The first time I experienced a typhoon was when a notification went out during one of my classes. The students were to pack up their stuff as soon as the period was over and prepare to go home. A typhoon was coming.
By the time the students had left it was a pleasantly sunny sky, a bit sticky from the rain that had passed by earlier. The rest of the day was pleasant and the next day was dry. Typhoons seemed nice, I thought.
Over the next few years I came to think of typhoons as a bit of rain and then a sunny afternoon with canceled classes. It happened enough. I was lucky enough to have it happen the day my son was born, although the rain was fairly strong that day. I always credit that as why he does not fear thunder and lightning. Sometimes fantasies are fun.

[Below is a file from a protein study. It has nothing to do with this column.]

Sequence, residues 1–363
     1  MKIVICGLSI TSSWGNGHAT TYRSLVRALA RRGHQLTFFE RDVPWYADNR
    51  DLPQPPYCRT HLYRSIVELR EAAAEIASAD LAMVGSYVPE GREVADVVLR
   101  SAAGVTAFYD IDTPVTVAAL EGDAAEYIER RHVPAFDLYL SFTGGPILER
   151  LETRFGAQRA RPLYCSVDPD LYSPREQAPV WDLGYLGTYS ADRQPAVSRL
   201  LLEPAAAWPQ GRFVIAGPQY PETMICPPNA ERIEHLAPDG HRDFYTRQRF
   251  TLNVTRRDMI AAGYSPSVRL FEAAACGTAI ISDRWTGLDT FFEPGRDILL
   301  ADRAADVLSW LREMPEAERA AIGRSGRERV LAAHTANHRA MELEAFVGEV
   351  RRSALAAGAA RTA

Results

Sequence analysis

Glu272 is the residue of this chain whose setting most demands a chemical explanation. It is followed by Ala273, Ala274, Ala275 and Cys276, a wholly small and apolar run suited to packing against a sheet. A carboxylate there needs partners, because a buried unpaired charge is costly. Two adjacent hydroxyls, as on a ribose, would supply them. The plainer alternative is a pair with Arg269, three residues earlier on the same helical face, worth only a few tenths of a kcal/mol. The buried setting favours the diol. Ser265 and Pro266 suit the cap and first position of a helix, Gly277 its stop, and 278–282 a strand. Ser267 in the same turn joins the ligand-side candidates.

Later in the year of my son’s birth there was a typhoon that quickly changed my opinions. One of my schools had been hit by a landslide strong enough to knock it off of its foundation. A friend lost his home, a school dorm. He was lucky, though, as another teacher in the dorm lost her life.
As we prepare for what is said to be a massive inbound typhoon, I hope for the sunny afternoon with the children glad to have the day off.